The Tay Cities Deal should be signed as a matter of urgency to help protect the region against any post-coronavirus recession, local politicians have demanded.
The leaders of Fife, Dundee and Perth and Kinross councils have been unable to gather to finalise the paperwork for the multi-million cash boost due to lockdown restrictions.
It is understood the different organisations involved have been working behind the scenes to identify a way to push the £700 million deal over the line while still recognising social distancing guidelines.
Dundee City Council leader John Alexander said: “We must, without further hesitation, deploy the investment.
“It should form an important part of the region’s recovery from Covid-19 and I hope colleagues and governments will join forces to get this money into the economy to create much needed jobs.
“Time is of the essence. The outline projects have been agreed, the overall sum has been agreed and so the only thing to agree is when we can start creating jobs and delivering projects. The people of Tayside can wait no longer.”
Perth Council leader Murray Lyle said his authority has already taken a “financial risk” and started on one of the projects, a £23 million transformation of Perth City Hall.
He said: “That was done at our risk to be fair but it would be good to get on with the deal.
“I do understand we have really had to put other things on the back burner to manage the crisis for the time being, but as soon as we return to normality I would hope we can get on with it.”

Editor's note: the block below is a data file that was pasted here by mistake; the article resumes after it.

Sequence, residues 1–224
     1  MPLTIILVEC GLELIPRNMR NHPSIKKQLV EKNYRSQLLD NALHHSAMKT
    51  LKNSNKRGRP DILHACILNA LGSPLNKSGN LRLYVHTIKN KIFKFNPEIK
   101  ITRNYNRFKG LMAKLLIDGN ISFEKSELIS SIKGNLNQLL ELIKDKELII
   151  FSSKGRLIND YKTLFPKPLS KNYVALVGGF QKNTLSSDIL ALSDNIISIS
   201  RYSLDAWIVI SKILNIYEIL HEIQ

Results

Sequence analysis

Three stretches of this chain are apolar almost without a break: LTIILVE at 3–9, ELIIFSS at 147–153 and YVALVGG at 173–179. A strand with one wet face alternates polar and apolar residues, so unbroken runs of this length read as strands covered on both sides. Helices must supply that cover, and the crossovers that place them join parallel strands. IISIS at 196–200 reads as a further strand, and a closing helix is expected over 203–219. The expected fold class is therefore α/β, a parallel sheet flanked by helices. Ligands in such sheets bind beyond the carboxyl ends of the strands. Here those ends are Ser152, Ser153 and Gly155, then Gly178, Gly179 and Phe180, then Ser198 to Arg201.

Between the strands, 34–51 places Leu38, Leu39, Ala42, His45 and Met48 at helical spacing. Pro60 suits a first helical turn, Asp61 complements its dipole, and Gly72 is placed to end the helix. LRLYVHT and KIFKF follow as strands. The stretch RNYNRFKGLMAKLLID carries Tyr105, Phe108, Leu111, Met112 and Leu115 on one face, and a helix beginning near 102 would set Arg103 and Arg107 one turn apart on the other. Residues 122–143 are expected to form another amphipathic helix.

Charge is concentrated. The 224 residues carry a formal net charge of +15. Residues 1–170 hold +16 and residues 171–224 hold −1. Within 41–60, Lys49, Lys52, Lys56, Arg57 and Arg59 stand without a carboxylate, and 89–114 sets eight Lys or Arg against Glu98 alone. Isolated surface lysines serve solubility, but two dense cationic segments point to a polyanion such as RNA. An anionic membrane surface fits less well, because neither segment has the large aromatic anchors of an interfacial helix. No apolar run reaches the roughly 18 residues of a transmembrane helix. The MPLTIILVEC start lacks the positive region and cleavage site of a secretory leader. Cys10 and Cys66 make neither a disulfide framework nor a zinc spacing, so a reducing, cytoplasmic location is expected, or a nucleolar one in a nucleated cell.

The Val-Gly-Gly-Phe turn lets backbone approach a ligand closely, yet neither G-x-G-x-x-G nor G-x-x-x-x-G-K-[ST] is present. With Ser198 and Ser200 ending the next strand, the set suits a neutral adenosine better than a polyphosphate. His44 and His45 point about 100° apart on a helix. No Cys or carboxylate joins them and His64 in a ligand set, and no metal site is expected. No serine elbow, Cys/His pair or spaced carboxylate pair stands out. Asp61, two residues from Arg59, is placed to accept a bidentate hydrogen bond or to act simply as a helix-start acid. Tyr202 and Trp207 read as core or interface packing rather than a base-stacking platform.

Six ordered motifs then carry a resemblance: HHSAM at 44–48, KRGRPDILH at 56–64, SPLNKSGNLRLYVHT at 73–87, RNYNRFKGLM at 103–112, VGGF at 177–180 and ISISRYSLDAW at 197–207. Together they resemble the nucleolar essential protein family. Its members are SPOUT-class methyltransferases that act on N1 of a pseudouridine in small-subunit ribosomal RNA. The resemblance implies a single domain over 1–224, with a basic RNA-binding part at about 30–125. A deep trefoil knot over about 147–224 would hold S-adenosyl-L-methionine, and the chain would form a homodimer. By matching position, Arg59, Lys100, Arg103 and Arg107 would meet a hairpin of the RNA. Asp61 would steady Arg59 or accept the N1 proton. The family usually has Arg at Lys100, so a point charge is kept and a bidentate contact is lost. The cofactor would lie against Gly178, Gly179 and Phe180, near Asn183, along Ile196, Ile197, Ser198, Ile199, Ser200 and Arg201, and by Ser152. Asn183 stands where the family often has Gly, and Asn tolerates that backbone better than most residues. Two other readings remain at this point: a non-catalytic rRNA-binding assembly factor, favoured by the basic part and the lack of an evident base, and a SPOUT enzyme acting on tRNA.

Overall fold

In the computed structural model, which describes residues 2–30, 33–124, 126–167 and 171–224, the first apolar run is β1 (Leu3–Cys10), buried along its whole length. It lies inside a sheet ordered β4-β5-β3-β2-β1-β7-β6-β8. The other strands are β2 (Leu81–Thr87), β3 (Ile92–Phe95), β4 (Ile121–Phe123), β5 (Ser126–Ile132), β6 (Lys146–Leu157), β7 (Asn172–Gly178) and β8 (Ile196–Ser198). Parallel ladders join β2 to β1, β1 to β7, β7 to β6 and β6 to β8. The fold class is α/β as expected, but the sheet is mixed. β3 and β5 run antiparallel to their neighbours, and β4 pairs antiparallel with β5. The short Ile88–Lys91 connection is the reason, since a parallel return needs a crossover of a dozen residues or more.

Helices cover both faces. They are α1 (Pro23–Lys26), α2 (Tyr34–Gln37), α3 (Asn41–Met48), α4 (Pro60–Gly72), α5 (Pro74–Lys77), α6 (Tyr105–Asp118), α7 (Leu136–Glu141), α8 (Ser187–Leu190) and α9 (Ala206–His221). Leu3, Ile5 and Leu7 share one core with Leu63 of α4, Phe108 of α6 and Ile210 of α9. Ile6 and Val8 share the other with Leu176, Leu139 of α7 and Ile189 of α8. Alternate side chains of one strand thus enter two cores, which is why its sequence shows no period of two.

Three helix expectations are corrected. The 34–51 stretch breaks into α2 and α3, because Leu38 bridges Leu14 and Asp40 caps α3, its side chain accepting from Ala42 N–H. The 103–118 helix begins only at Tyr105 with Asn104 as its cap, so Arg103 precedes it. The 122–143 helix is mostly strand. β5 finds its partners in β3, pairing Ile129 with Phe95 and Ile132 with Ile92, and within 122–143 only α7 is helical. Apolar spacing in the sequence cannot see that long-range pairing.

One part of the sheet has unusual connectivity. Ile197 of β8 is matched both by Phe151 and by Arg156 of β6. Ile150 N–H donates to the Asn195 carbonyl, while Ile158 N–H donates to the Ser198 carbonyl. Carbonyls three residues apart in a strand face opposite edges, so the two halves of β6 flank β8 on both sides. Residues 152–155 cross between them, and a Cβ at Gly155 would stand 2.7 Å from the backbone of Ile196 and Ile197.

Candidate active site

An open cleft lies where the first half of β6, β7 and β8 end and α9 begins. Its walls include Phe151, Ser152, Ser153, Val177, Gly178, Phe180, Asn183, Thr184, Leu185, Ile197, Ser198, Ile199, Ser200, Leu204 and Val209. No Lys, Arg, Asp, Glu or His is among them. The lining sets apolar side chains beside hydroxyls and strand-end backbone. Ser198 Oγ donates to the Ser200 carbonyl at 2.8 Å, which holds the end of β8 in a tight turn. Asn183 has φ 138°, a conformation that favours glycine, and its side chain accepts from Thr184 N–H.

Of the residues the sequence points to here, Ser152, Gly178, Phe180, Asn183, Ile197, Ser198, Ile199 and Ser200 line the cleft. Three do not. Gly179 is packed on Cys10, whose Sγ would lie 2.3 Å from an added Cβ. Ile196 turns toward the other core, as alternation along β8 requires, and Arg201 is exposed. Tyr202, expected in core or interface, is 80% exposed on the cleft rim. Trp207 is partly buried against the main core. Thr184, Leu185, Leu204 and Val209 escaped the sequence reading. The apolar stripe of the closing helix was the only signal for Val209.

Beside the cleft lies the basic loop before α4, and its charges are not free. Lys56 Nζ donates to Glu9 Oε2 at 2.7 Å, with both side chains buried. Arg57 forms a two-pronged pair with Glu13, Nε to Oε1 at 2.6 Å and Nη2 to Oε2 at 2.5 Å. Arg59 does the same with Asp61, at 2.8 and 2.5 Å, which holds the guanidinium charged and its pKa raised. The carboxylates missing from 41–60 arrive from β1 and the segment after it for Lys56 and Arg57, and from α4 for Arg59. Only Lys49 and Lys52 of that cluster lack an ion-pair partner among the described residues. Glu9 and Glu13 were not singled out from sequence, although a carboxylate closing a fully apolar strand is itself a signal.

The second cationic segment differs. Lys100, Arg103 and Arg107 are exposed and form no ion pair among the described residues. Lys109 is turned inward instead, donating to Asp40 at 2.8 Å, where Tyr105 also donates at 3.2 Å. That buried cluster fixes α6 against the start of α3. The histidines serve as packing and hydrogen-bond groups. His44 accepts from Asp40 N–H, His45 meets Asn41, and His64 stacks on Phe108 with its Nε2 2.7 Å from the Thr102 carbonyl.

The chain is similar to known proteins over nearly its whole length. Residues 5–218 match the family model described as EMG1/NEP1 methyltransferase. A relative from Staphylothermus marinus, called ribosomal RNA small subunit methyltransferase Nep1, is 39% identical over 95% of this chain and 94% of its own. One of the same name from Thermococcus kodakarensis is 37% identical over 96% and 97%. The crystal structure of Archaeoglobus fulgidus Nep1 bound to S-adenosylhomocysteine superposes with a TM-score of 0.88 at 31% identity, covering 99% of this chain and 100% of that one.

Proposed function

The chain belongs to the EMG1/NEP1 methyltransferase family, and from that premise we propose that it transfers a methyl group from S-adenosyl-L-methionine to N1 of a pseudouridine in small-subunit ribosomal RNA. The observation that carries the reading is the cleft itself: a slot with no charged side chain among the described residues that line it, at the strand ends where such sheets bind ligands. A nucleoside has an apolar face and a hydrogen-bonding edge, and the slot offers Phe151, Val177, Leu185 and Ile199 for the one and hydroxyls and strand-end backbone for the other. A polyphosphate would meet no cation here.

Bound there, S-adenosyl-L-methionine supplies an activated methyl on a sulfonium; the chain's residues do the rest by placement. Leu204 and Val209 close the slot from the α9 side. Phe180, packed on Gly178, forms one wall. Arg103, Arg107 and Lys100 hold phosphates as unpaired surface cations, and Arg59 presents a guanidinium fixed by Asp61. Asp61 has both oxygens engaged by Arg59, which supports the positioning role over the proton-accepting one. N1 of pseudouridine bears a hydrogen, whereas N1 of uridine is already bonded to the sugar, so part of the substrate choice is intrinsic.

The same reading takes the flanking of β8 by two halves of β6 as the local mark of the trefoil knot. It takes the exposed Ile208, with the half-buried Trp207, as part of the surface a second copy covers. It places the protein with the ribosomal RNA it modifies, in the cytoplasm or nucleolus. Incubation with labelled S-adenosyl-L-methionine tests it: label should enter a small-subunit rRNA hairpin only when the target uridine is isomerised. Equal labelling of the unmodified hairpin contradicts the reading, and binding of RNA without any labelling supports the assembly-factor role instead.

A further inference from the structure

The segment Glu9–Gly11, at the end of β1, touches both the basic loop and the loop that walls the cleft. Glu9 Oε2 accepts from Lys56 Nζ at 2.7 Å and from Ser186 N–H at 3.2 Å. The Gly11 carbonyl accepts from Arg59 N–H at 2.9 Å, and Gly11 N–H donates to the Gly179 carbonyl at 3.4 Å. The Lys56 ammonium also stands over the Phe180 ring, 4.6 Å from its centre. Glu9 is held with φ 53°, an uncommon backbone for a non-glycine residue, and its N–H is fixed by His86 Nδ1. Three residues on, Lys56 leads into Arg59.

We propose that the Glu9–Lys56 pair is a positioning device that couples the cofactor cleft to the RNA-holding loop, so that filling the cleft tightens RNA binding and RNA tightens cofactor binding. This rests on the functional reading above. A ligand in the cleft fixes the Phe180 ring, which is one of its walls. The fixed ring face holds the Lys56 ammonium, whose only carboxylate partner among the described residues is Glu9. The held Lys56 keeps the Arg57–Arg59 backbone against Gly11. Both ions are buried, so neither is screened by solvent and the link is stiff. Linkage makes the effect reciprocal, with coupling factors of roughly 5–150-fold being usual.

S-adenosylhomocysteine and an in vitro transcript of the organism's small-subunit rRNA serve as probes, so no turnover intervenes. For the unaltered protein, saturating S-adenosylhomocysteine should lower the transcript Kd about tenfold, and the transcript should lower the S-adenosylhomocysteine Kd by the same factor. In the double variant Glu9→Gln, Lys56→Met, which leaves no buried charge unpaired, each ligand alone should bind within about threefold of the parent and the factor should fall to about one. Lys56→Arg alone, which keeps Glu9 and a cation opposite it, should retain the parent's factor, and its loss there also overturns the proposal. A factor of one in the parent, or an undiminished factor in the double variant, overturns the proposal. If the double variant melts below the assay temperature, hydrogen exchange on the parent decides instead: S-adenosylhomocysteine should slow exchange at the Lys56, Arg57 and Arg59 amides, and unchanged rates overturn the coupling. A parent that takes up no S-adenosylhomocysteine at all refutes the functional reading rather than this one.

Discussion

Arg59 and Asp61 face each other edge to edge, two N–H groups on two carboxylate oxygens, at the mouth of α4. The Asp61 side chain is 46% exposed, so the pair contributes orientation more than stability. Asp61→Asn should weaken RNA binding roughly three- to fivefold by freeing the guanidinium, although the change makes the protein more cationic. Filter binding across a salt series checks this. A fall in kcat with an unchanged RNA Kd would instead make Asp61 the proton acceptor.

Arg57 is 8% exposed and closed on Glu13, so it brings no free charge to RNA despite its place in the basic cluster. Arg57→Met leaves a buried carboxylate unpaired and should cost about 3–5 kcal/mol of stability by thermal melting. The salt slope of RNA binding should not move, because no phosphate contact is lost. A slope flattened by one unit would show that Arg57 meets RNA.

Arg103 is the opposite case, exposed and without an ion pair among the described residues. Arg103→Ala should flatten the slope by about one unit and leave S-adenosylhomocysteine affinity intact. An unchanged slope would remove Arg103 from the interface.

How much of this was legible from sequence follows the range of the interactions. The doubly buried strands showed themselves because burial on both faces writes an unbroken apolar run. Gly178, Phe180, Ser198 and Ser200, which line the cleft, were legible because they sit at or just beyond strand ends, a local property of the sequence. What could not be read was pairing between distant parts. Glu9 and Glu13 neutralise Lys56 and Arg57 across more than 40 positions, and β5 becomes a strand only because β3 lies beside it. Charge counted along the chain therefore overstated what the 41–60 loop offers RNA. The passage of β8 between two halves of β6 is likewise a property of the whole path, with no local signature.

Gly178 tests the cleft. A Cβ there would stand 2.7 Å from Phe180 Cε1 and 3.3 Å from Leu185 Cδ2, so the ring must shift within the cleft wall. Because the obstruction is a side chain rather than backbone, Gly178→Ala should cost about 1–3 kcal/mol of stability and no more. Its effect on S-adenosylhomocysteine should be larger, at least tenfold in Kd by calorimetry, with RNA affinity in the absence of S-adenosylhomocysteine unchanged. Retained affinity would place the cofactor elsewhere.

An array of projects across Tayside are waiting for the deal to be finalised, in addition to the £30 million redevelopment of the Guardbridge paper mill site by St Andrews University in Fife.
David Ross, co-leader of Fife Council, said: “We see this project as important for more than the local area as we hope it will be the launchpad for many successful new businesses that will move on and flourish in other parts of Fife.
“It would be a considerable loss to the whole region if this project was put in doubt due to the delay.”
Dundee councillor Richard McCready has made repeated calls for action.
He said: “I have been hugely frustrated at the lack of progress on the deal. I recognise that the coronavirus crisis means that progress has halted yet again.
“We need to reflect on the fact that this crisis is already having an impact economically on many of the poorest in society.”
A UK government spokesman said: “All partners are working to progress the deal but we are very conscious that the fight against Covid-19 rightly remains the priority for all partners involved in the Tay City Deal.”